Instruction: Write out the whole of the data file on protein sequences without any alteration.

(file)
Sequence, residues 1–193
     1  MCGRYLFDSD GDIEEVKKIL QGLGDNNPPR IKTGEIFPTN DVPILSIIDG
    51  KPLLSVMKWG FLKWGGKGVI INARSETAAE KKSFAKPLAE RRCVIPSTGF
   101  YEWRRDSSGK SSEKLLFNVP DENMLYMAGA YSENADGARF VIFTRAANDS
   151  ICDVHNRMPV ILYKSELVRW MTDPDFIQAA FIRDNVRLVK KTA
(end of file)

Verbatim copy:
Sequence, residues 1–193
     1  MCGRYLFDSD GDIEEVKKIL QGLGDNNPPR IKTGEIFPTN DVPILSIIDG
    51  KPLLSVMKWG FLKWGGKGVI INARSETAAE KKSFAKPLAE RRCVIPSTGF
   101  YEWRRDSSGK SSEKLLFNVP DENMLYMAGA YSENADGARF VIFTRAANDS
   151  ICDVHNRMPV ILYKSELVRW MTDPDFIQAA FIRDNVRLVK KTA